I take a random but practical example direct from "Rmatrices and the magic square"
by Bruce Westbury: The adjoint irrep $A$ of the $E_7$ family has quantum dimension
$qi[2*m+3]*qi[3*m/2+2]*qi[3*m/2]/qi[m/2]/qi[m/2+2]$
where $qi[m]$ (at the value $q$) denotes the quantum integer function and $m$ is "mostly" an integer (but not throughout, e.g. $G_2$ has $m=5/2$). At $q=1$, we get $(m+4)120$. Let's stay at
integer $m$ for simplicity and take, say, $m=116: Dim(A)=2068$. OK, now a different
value, say, $q=i: Dim(A)=44/5$. Owch.
I conclude that $qi[58]*qi[60]qi[174]*qi[176]*qi[235]$ (in the Laurent polynomial sense, see below) fails to hold, although $58*60174*176*235$.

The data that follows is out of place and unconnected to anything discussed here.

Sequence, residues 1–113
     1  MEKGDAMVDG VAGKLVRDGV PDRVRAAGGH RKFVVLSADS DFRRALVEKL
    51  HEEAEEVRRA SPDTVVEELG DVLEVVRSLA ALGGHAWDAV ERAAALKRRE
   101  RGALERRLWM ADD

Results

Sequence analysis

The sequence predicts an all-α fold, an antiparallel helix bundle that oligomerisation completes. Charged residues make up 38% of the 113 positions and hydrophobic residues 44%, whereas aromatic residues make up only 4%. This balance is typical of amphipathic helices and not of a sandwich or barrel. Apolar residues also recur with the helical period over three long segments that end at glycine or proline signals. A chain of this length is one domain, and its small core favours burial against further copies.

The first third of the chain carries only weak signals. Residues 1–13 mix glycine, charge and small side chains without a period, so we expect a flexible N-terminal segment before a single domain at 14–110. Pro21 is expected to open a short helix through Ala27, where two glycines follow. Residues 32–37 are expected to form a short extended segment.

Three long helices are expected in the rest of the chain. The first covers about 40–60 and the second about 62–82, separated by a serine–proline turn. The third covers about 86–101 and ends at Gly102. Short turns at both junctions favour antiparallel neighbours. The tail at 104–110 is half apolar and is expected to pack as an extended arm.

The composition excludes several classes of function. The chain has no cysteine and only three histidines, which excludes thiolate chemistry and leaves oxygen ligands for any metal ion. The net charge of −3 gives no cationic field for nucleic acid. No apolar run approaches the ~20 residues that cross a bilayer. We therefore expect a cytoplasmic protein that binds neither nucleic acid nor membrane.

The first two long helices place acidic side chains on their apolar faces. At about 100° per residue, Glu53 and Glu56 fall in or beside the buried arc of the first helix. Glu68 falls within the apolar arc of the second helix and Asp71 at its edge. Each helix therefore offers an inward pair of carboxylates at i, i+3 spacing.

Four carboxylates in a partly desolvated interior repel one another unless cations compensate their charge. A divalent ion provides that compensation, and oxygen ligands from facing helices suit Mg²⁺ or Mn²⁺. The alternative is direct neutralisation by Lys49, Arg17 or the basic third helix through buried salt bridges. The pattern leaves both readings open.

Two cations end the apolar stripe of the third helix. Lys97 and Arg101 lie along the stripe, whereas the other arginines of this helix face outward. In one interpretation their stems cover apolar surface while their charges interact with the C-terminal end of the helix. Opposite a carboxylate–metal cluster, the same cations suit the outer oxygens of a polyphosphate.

Can you give an condition for $qi[m]qi[n]$ (or even better, for arbitrary products
of quantum integers in numerator and denominator allowed) that is sharper than
$mn$? $$ shall mean that the denominator of the fully cancelled form for $qi[m]qi[n]$
only may contain some $q^k$ (i.e. not $q1/q$ or something like that). (Random Example: $qi[2]*qi[4]qi[8]$ is false because the denominator contains $1+q^8$.)
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Factor a fraction in the $q$integers as a product of cyclotomic polynomials $\Phi_d$, using that $q^n1 = \prod_{dn} \Phi_d$, and look at the multiplicity of each polynomial $\Phi_d$. 


\mid
rather than the more obvious
, because it gets the spacing right: $a\mid b$ versus $ab$. – Mariano SuárezAlvarez♦ Feb 15 '12 at 19:58